Guide to Snapchat for Confused 30-Somethings

One of the benefits of paying $1,500 for a shared room in a San Francisco “startup house” is you get to live with a bunch of early 20-somethings and observe their obsession with Snapchat. It’s widely known that anyone above the age of 30 finds Snapchat baffling, not just for the concept it’s based on – disappearing messages – but because using the app itself is a mindboggling endeavor. But the more I learned how these tots are using Snapchat, the more I appreciated its appeal and how innovative it is, even iconoclastic for a social media platform. First off, Snapchat flies in the face of everything us 30-somethings have come to expect from a social media app.

There Are No Profiles: Facebook ushered in – or actually Friendster did if we want to get technical – the concept of a profile page. You’ve got your main profile image in the top left, your connections, recent posts, more photos and a little about you. On Snapchat, there are no profiles, at least not in this traditional sense. A “profile” in Snapchat world is your name, handle and an optional animated gif selfie that lurks in the background of a transparent Snapchat ghost. Beyond that, a Snapchat profile doesn’t tell you anything because unlike say, Facebook, Snapchat friends are your actual friends in the truest real life sense of the word, not someone you went to high school with 10 years ago and haven’t spoken to since.  In fact, you can’t even search for people on Snapchat by name unless they’re already in your address book or you know their screen name.

Swipe and Hold vs. Tap and Scroll: Snapchat does away with the tap and scroll, a legacy navigational system that takes its cues from computer mouses and scroll bars. Instead, you swipe and hold. Want to head over to another Snapchat screen? Just swipe to the left or right. And instead of the VCR-like pause and play functionality on Facebook videos, you just hold your finger on a Snapchat story to start, and release when you’re done.

So what’s A Snapchat Story? Stories are what transformed Snapchat from an ephemeral messaging app to something truly innovative. A Snapchat story is simply every photo and video you’ve taken in the past 24 hours - A Day in the Life of YOU. You can access Stories by swiping left on the Camera screen where you’ll find “My Story” and the stories from all of your friends represented by partially completed circles. The closer the circle is to completion, the closer it is to being up for 24 hours. During those 24 hours you can watch your friends’ stories as many times as you want, but once the 24 hours is up, they’re gone forever.

Time Is The Organizing Element: What makes stories so unique is they allow you to live vicariously through the eyes of your friends in a 24-hour period. Compare that to Facebook, Instagram and Twitter, which show postings from all your connections within a newsfeed. But the newsfeed is a fractured snapshot of each connection’s overall experience. It’s the difference between just reading news headlines vs. reading a first-person narrative. On Facebook you might see a photo of a friend on a wine tour in Napa Valley, but that photo is mixed in with an event invitation to a charity event, a news article, and dozens of updates form your other friends. Even if you wanted to see more about that friend’s trip to Napa and viewed her profile, you’re unlikely to see much else because a bunch of consecutive posts is bad Facebook etiquette and clogs up your friends’ feeds. What’s more, the trip could be old news and your friend just decided to finally upload them. On Snapchat, posting more photos and videos to your story isn’t intrusive because they’re all encapsulated within that little partially completed circle. And because every post happened within 24 hours, it provides an intimate real-time glimpse into that friend’s day. No story is ever stale.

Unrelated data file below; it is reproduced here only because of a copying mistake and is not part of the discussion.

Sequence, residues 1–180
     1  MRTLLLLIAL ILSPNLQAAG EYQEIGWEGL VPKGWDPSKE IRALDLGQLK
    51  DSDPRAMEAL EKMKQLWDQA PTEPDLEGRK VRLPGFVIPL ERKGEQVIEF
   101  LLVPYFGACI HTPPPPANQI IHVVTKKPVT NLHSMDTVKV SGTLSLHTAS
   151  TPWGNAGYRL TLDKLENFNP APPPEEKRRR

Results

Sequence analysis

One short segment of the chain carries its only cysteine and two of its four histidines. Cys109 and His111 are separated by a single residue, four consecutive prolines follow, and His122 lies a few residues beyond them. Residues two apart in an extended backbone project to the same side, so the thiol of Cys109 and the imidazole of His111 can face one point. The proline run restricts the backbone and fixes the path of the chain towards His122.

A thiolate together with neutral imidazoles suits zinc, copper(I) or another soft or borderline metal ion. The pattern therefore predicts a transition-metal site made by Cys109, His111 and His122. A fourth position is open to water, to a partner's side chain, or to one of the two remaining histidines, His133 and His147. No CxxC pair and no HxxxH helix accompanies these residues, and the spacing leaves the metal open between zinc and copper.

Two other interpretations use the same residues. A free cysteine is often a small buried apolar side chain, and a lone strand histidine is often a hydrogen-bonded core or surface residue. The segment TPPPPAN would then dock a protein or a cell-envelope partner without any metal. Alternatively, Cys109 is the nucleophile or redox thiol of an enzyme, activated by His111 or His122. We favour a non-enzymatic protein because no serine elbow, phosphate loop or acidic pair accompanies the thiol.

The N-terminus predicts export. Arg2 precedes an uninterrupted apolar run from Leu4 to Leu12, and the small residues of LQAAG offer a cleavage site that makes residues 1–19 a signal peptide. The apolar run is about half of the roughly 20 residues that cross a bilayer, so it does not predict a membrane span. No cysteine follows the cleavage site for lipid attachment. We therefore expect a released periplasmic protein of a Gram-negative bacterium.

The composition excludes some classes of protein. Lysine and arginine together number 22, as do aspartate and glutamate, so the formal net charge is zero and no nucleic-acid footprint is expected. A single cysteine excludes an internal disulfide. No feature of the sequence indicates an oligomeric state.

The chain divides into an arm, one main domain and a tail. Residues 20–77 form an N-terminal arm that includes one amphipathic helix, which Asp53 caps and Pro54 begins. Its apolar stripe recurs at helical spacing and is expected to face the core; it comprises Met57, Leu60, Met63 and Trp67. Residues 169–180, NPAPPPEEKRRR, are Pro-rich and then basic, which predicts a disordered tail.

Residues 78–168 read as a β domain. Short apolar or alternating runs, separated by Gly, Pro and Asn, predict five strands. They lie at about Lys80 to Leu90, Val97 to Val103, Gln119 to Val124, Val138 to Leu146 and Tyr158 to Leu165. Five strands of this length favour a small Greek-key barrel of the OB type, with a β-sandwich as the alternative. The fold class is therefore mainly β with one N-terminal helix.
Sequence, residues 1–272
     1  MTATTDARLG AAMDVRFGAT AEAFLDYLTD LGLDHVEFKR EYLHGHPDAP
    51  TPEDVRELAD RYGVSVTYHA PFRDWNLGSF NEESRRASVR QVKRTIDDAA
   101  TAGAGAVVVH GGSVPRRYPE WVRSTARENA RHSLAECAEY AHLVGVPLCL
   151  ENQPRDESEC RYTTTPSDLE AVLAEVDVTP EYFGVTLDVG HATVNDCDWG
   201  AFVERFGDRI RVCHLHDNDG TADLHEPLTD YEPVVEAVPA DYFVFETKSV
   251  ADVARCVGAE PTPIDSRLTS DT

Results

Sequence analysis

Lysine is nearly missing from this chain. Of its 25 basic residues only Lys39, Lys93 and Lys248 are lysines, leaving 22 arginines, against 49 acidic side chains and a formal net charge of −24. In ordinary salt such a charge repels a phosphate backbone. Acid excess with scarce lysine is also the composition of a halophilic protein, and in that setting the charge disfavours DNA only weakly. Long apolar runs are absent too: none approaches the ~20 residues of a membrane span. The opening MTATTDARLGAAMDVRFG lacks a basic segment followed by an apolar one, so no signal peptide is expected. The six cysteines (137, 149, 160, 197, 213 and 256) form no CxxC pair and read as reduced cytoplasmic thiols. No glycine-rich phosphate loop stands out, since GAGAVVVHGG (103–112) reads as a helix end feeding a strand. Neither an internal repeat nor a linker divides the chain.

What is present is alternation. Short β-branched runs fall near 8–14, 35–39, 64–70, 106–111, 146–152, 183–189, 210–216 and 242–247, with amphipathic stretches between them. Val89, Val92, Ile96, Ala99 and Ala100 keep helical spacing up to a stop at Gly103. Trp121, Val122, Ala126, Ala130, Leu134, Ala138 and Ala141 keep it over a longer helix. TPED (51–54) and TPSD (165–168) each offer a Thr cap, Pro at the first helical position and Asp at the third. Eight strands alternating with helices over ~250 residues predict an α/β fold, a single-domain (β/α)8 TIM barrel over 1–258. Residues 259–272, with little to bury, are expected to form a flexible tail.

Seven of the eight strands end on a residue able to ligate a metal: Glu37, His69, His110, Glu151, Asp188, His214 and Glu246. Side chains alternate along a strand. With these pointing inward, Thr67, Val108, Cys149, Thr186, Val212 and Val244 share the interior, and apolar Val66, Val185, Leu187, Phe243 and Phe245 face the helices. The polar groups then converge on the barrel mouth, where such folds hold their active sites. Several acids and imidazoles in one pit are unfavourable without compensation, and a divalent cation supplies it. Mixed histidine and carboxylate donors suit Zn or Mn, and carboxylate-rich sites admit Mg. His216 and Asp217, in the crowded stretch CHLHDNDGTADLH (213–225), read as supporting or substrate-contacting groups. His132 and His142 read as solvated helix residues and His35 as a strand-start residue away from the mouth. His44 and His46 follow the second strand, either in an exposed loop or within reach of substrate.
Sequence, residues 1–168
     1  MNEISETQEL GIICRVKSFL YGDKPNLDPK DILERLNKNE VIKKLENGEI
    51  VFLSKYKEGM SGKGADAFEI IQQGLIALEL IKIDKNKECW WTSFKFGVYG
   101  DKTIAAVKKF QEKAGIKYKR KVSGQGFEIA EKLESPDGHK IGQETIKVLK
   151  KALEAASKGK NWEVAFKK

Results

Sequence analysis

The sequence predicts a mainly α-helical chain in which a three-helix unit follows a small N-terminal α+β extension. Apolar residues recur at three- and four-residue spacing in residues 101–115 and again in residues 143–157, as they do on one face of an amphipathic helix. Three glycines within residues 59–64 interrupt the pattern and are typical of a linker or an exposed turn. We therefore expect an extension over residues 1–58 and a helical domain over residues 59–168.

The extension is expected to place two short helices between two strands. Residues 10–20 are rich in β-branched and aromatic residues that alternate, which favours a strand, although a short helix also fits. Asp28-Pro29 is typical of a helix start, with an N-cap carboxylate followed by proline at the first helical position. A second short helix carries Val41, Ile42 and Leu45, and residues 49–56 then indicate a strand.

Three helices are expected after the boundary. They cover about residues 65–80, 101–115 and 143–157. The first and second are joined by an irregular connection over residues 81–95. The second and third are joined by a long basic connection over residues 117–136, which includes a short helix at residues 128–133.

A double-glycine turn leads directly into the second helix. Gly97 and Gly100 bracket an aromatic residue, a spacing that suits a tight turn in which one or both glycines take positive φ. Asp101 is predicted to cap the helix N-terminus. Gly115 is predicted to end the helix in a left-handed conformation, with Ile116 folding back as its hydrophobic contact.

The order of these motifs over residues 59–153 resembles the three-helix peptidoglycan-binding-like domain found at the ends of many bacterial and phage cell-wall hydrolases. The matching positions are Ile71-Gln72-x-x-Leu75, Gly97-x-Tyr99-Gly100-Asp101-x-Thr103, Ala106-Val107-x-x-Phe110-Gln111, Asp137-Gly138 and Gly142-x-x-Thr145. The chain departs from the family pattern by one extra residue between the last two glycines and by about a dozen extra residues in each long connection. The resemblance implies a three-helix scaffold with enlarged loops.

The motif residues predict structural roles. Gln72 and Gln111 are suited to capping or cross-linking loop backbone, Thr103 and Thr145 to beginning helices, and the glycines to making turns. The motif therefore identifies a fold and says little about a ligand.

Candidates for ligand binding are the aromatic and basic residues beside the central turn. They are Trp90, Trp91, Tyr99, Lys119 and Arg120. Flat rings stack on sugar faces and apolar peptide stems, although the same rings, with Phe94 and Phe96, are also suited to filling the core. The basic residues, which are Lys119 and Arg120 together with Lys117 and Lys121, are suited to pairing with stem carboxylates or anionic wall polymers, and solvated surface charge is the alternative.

Deleting Stuff Forever is Okay: While Instagram is your Greatest Hits Album, Snapchat is your life uncut and unfiltered. You wouldn’t want to save a snap or a story anymore than you’d want to DVR Anderson Cooper Live and watch it over again the following week. The “Best of” moments of that day have already been memorialized on Instagram as a single photo selected from dozens that were taken. When there’s a breaking news story on CNN, we hold on to each seemingly trivial update, but when the facts come out, there’s one truth that a 2-minute pre-recorded news segment can summarize. Snapchat is breaking news. Instagram is the final package.

The experience of watching a friend’s life in real-time Truman Story-style doesn’t just appeal to teenagers or 20-somethings. It has universal human appeal. It’s only a matter of time before our training wheels come off and we 30-somethings start snapping away, if you haven’t already. It’s also about that time, when you overhear a kid in a coffee shop say “My mom just added me on Snapchat,” that the next newfangled social app that has already started festering across a few college campuses will start spreading like wildfire.